The Spark is made by volunteers and is laid out on a personal computer. We apologise for and regret any inconvenience.
Feb Spark pdf

Leaflet: No to asset sales

If assets are in private hands, whether foreign or New Zealand owned, they only care about three things – (1) profit, (2) profit and (3) profit.

-Hone Harawira

State-owned enterprises, originally introduced under Rogernomics, are a backdoor to privatisation. Run primarily for profit, they don’t care about:

  • Cost of living: cutting your power off if you can’t afford to pay.
    strike against Solid Energy contractor
  • Workers’ rights: contracting out employment to avoid accountability. 1000 mine workers went on strike in 2009 against sub-contractor HWE Mining.
  • Ecological destruction: Solid Energy is the largest coal mining company in New Zealand.
  • Tino rangatiratanga: they carry all this out on enclosed, confiscated land.

By selling controlling shares in State-Owned Enterprises, National plans to remove further barriers to smooth, unaccountable business operations.
Ombudsman investigation revealed no evidence for National’s claims of a 10% cap on shares held by any one company, or 85-90% control by ’mum and dad’ investors. With greater control by private business, social and ecological impacts will be externalised.
One million non-voters, the lowest turnout since women won the right to vote, is no mandate for this.
Yes to community control
In the short term we must organise to stop asset sales.
In the long term, we need workers’ and consumers’ control of public utilities.
If you agree, get involved.
pdf here

Auckland hui on asset sales: "One million non-voters is not a mandate"

Mike Kay
The Auckland Māori consultation hui on state asset sales took place yesterday at Tainui’s Airport Novotel under heavy police and Māori warden presence. The hui revealed universal dissatisfaction from Māori about the government’s plans, but also exposed important class divisions within Māoridom itself.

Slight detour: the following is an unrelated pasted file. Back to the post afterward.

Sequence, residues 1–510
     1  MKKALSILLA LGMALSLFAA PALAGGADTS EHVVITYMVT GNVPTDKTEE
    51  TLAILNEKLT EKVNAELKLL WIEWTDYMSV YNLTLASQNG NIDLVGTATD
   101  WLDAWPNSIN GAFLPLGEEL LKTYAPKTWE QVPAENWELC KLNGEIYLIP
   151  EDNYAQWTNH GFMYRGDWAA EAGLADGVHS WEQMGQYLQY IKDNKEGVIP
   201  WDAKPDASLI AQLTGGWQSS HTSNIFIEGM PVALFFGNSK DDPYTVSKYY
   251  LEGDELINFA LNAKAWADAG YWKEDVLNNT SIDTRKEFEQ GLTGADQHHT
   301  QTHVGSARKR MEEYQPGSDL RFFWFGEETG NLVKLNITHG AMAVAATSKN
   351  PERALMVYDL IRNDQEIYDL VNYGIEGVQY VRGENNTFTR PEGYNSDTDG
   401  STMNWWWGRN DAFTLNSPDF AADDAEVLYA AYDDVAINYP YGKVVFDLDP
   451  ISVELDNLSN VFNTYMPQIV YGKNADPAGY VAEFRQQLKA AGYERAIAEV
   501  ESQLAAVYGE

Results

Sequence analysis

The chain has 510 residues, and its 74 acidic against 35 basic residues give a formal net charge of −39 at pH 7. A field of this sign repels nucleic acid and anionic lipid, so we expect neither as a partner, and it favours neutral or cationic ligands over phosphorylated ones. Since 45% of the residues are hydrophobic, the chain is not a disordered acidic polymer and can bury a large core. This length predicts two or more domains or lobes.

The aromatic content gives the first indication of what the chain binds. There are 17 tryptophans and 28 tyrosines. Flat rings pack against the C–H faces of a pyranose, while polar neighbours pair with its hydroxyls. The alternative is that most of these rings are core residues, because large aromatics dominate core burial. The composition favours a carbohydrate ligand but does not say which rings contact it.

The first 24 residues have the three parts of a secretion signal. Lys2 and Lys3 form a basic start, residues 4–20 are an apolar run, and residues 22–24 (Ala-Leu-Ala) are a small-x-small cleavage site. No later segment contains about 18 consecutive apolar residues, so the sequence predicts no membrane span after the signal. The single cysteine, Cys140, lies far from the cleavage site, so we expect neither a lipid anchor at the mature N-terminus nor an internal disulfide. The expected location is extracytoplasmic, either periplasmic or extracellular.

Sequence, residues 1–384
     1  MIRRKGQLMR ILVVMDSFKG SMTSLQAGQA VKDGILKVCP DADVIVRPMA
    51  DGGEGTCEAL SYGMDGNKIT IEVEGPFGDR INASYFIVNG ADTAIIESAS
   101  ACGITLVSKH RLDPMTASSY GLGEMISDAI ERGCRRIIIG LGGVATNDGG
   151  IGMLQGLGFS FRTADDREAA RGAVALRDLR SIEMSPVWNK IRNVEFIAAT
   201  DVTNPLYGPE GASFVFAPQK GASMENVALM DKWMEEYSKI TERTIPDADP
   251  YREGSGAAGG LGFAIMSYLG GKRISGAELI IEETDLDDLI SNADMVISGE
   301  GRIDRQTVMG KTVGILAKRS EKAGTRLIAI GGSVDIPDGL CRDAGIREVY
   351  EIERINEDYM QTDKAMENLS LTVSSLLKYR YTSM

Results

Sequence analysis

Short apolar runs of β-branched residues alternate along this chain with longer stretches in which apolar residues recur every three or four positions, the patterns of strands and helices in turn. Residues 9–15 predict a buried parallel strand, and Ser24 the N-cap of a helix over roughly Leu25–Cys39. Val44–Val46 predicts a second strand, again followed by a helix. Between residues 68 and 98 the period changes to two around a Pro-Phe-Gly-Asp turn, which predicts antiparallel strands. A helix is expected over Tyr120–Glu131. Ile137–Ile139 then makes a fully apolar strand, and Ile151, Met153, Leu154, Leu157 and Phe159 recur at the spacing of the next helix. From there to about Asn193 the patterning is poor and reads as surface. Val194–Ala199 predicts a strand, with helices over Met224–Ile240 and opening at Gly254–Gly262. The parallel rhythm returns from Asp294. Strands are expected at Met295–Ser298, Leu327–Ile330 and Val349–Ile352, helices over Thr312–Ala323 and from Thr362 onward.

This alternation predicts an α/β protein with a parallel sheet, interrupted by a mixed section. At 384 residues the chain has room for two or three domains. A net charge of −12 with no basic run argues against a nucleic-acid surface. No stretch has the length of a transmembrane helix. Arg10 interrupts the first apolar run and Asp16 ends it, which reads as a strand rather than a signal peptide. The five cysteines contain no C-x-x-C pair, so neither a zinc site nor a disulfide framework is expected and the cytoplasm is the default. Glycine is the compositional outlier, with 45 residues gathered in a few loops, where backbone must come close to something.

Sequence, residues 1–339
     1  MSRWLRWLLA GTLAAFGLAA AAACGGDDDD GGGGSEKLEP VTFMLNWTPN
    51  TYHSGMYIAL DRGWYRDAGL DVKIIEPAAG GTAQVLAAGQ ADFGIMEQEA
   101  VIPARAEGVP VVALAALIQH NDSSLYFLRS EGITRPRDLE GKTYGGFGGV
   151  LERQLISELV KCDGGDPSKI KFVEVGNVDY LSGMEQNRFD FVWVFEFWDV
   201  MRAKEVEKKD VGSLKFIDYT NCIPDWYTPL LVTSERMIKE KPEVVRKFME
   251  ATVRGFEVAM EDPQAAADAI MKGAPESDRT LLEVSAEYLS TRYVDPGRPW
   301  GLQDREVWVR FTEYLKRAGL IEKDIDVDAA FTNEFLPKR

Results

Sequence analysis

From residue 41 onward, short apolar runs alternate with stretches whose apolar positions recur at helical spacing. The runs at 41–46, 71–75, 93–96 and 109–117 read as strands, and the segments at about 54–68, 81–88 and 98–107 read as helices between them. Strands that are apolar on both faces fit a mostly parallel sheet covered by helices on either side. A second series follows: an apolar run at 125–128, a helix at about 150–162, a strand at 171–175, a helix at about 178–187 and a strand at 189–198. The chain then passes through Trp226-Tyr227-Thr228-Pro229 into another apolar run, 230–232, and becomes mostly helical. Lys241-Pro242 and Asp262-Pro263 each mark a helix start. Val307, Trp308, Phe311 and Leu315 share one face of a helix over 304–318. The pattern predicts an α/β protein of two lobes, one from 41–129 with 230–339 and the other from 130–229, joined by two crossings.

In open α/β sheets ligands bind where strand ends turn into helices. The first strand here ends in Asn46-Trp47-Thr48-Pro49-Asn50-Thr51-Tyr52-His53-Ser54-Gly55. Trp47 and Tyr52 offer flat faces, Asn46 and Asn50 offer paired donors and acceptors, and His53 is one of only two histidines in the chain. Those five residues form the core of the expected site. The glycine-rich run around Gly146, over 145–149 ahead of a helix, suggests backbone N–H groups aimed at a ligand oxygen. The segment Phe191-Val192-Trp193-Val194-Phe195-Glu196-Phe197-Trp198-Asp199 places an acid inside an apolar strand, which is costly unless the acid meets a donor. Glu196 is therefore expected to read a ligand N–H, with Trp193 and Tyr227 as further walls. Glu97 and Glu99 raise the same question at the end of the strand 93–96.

In his opening presentation, Minister for SOEs Tony Ryall stated that the controversial Section 9 will stay in the SOE Act, and that the government had “got the message on that.” Section 9 provides that “nothing in this Act shall permit the Crown to act in a manner that is inconsistent with the principles of the Treaty of Waitangi.” Whilst the audience made it clear that Section 9 should also apply to the new legislation enabling partial sell-offs of state assets, the debate that followed rapidly broke out of the bureaucratic parameters that the government had laid down for the hui.
A Mana Movement member asked Ryall what guarantees that, after these sell-offs, the government wouldn’t sell more. His response was that the government only had a mandate to sell a 49% stake in each of the power companies, and the rest of its stake in Air New Zealand. The questioner replied that they were already privatising further by selling off state housing in her neighbourhood of Glen Innes. Ryall reiterated that the general election had given them a mandate, whereupon a Workers Party member interjected that “one million non-voters is not a mandate!”
Continue reading “Auckland hui on asset sales: "One million non-voters is not a mandate"”

Rally: For Public Assets

If assets are in private hands, whether foreign or New Zealand owned, they only care about three things – (1) profit, (2) profit and (3) profit.